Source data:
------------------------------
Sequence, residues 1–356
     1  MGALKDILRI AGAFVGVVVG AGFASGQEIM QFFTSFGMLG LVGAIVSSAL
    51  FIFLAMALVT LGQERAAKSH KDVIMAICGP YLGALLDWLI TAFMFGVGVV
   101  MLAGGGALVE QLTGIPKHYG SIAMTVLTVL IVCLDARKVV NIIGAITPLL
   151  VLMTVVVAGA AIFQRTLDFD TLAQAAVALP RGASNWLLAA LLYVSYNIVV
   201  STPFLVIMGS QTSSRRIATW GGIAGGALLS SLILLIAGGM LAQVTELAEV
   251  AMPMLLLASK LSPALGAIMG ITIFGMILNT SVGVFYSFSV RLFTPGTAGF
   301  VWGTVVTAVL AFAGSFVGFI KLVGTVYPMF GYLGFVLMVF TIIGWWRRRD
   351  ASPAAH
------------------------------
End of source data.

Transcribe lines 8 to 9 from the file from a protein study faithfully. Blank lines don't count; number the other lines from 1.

   301  VWGTVVTAVL AFAGSFVGFI KLVGTVYPMF GYLGFVLMVF TIIGWWRRRD
   351  ASPAAH